Excitement still fizzes from the pages of Howard Carter’s account of the discovery. Almost 100 years since a rock-cut step was exposed in an ancient workman’s hut in the Valley of the Kings, we can share Carter’s hopes and doubts as digging progressed. He confides nagging fears that his sixth and final season in the Valley would be in vain, that any tomb would be unfinished, or at best a cache of royal mummies long since stripped of their finery. We experience the emotional rollercoaster as his team locates a seemingly sealed doorway, only to find it was breached by looters. And, ultimately, we reach the most-celebrated moment in the annals of archaeological discovery. On 26 November 1922, Carter opened an aperture in a second doorway, and illuminated the void beyond with a flickering candle. ‘Can you see anything?’, asked his sponsor Lord Carnarvon. ‘Yes,’ Carter replied, ‘wonderful things.’
The spell cast by those wonderful things has never been broken. In the 1920s, they ignited ‘Tut-mania’: a passion for ancient Egypt that coursed through the architecture and accessories of the age. Today, the golden images of the king are unsurpassed as symbols of the romance of archaeological exploration. Amid all the gold and glory, though, it can be easy to forget that the story is not just about fabulous riches laid down by an ancient civilisation. At its heart is a fragile boy who ruled in turbulent times, and a life cut short.
That shadowy monarch
The pharaoh we know as Tutankhamun was born around 1340 BC, and named Tutankhaten. DNA evidence reveals that his father and mother were also brother and sister, a union that may explain abnormalities in their son’s feet: Tutankhamun was born with one flatfoot and one clubfoot, perhaps meaning he needed a walking stick for support. He also had a mild cleft palate, and later in life an impacted wisdom tooth probably brought pain. Tutankhamun’s father was most likely Akhenaten, a radical heretic who upended worship of Egypt’s broad pantheon in favour of the sun (Aten). It was this schism that led to Tutankhamun’s change of name. Judging by a small golden throne found in his tomb, the boy was still known as Tutankhaten when he became pharaoh, aged nine or ten. Amending this name, which means ‘the living image of Aten’, to reference Amun, the principal deity worshipped at Karnak, symbolised the victory of the old gods over the new one. The consequences were huge, as Tutankhamun’s embrace of the traditional deities ensured the Aten obsession was just a blip, rather than Egypt’s new normal.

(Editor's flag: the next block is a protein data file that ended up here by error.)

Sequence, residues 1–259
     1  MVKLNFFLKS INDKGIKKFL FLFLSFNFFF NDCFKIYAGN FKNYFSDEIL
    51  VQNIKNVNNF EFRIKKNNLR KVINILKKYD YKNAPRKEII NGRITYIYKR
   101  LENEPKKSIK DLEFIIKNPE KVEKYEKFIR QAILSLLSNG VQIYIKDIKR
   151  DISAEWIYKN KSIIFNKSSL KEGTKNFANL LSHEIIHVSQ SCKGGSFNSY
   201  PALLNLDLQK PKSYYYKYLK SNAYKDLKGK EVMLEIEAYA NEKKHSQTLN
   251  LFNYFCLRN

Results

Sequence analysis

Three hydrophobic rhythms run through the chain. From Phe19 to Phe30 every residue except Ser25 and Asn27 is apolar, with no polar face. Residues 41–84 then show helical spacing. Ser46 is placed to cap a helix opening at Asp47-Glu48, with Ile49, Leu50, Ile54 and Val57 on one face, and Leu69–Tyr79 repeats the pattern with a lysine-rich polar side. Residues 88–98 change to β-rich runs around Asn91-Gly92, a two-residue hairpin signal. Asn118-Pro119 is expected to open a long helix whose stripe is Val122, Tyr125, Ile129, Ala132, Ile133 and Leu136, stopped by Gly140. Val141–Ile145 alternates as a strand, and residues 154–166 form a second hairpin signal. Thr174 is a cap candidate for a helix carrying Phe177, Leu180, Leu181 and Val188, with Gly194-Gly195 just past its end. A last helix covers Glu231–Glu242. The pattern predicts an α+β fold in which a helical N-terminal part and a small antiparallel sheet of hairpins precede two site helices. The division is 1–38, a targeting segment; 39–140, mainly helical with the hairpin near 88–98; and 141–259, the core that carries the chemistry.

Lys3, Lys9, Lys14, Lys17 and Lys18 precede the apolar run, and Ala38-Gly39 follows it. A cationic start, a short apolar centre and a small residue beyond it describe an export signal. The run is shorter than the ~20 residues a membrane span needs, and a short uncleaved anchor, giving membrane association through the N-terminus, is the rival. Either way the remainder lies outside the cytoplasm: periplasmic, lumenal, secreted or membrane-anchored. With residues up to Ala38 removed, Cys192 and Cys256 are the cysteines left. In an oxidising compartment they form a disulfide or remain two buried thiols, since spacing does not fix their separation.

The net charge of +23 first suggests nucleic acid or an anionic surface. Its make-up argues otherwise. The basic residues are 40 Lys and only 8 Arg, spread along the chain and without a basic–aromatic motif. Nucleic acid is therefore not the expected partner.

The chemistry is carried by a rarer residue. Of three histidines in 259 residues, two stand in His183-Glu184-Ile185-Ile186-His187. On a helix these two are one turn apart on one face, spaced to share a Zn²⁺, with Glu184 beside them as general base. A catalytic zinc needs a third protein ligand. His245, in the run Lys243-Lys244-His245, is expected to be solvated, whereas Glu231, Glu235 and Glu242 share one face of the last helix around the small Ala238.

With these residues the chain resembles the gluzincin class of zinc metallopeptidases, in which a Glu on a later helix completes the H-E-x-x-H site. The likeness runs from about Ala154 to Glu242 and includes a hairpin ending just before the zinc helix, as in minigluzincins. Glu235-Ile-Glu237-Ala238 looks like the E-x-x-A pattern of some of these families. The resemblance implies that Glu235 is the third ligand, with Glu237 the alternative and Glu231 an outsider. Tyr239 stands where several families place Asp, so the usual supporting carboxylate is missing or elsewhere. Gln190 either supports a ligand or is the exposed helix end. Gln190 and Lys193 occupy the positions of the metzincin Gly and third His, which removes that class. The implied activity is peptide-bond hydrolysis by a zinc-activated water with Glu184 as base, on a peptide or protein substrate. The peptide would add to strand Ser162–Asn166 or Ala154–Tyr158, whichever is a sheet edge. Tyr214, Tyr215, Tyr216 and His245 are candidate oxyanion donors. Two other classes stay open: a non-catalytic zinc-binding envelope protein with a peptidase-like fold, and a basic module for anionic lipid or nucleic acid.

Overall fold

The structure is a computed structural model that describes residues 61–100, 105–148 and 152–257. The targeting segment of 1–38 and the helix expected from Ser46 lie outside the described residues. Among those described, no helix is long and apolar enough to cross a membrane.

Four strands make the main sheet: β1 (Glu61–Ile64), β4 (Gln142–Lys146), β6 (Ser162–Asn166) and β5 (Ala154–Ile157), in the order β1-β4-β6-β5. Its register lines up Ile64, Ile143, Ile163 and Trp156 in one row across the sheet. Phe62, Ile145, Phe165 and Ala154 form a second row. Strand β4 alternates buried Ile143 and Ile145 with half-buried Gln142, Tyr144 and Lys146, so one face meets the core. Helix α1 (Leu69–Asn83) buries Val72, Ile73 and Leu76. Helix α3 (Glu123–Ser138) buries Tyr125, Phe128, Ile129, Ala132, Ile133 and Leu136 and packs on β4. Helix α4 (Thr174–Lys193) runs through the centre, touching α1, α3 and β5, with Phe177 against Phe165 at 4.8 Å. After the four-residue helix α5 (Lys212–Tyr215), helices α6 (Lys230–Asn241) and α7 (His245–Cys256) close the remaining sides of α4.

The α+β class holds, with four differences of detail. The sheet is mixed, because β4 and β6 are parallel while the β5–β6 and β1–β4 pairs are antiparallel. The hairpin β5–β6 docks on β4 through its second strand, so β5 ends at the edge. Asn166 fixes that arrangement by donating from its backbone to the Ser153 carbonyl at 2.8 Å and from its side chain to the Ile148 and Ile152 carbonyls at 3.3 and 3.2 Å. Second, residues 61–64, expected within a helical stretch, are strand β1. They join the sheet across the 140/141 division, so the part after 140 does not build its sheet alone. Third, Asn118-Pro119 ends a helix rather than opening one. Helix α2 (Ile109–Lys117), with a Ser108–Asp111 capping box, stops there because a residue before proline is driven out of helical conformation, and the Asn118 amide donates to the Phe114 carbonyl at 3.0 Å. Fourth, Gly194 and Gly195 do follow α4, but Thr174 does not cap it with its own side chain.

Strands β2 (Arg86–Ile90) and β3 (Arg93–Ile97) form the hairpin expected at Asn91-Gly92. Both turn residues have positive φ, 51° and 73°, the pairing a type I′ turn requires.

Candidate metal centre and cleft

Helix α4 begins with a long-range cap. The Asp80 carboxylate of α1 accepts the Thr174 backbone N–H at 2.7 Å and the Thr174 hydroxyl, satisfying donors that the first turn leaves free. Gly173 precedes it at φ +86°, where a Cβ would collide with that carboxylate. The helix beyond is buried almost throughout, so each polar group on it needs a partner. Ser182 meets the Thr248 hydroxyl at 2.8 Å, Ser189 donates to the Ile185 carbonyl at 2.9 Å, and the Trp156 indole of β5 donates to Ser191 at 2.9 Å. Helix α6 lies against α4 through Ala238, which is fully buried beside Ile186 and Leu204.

Death was no stranger to this living image of the god. DNA has revealed that Tutankhamun was almost certainly the father of one stillborn foetus buried in his tomb, making it likely he sired a second that was also present. We do not know what brought about these tragedies, but genetic variety would not have been aided by Tutankhamun marrying his half-sister, Ankhesenamun (originally Ankhesenpaaten, once again in honour of Aten). Tutankhamun’s own journey to the afterlife began when he was about 19. It was once believed that foul play had a hand in his demise, but more recent scientific analyses suggest that simple bad luck claimed the teenager. As well as contracting malaria, the king may have suffered a serious injury. Tutankhamun’s body has an unhealed fractured femur, which either occurred just before death or while the embalmers went about their grisly business.
‘It is not easy to say that he died because of this, or because of that’, says Tarek El Awady, exhibition curator. ‘All the tests, research, study of the mummy, CT scans, and X-rays have not been able to tell us whether he died because of a disease or because of an accident. But thanks to this work we can be sure that he was not in good health from the very beginning.’ Although official preparations for Tutankhamun’s passing were still in their infancy when he died, his former subjects took pains to ensure he was well provided for in the next world. ‘That is the scenario for our exhibition’, Tarek explains. ‘We are bringing 149 objects from the tomb, and the aim is to have visitors experience the sacred journey to the afterlife. We want to express their function, and how they helped the king on his magic journey.’
Anything might lie beyond
‘In the exhibition, we have one of two life-size wooden sculptures found in the tomb. These are known as the guardian statues. For me, this is the masterpiece among masterpieces. When Howard Carter first entered the tomb antechamber, he found the statues facing each other to either side of the sealed doorway leading to the burial chamber. That is why they are called the guardians: it looks as if they were protecting the entrance. Their real function is a mystery, but one popular interpretation is that they are Ka statues. The Ka is the soul of the deceased, and as the statues have faces depicting the real features of Tutankhamun, their role would be to represent him and guide his soul on its journey.’